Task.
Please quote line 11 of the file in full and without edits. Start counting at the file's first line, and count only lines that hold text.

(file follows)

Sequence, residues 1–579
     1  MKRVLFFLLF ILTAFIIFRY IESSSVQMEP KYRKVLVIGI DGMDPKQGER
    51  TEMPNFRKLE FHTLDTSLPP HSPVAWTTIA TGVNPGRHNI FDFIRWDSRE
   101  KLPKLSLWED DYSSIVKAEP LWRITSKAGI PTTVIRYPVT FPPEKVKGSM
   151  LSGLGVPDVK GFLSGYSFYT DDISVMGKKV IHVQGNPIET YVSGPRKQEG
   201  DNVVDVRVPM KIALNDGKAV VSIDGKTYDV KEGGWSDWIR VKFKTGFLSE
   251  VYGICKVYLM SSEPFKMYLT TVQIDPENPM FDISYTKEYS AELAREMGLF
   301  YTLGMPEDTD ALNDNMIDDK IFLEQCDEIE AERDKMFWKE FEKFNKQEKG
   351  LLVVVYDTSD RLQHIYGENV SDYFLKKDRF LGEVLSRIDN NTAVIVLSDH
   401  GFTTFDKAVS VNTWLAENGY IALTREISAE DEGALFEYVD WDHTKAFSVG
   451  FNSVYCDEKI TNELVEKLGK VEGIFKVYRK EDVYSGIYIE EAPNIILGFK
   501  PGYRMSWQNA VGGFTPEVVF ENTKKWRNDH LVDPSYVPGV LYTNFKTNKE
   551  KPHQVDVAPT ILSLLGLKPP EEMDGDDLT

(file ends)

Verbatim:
   451  FNSVYCDEKI TNELVEKLGK VEGIFKVYRK EDVYSGIYIE EAPNIILGFK